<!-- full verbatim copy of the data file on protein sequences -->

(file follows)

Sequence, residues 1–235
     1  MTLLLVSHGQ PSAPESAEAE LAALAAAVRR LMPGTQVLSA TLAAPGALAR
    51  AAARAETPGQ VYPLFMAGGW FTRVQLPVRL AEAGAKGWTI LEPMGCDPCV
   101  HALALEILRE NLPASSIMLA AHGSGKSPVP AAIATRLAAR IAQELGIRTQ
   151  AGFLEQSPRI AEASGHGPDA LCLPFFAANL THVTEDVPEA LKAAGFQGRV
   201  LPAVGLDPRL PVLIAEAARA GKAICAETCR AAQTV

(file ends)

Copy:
Sequence, residues 1–235
     1  MTLLLVSHGQ PSAPESAEAE LAALAAAVRR LMPGTQVLSA TLAAPGALAR
    51  AAARAETPGQ VYPLFMAGGW FTRVQLPVRL AEAGAKGWTI LEPMGCDPCV
   101  HALALEILRE NLPASSIMLA AHGSGKSPVP AAIATRLAAR IAQELGIRTQ
   151  AGFLEQSPRI AEASGHGPDA LCLPFFAANL THVTEDVPEA LKAAGFQGRV
   201  LPAVGLDPRL PVLIAEAARA GKAICAETCR AAQTV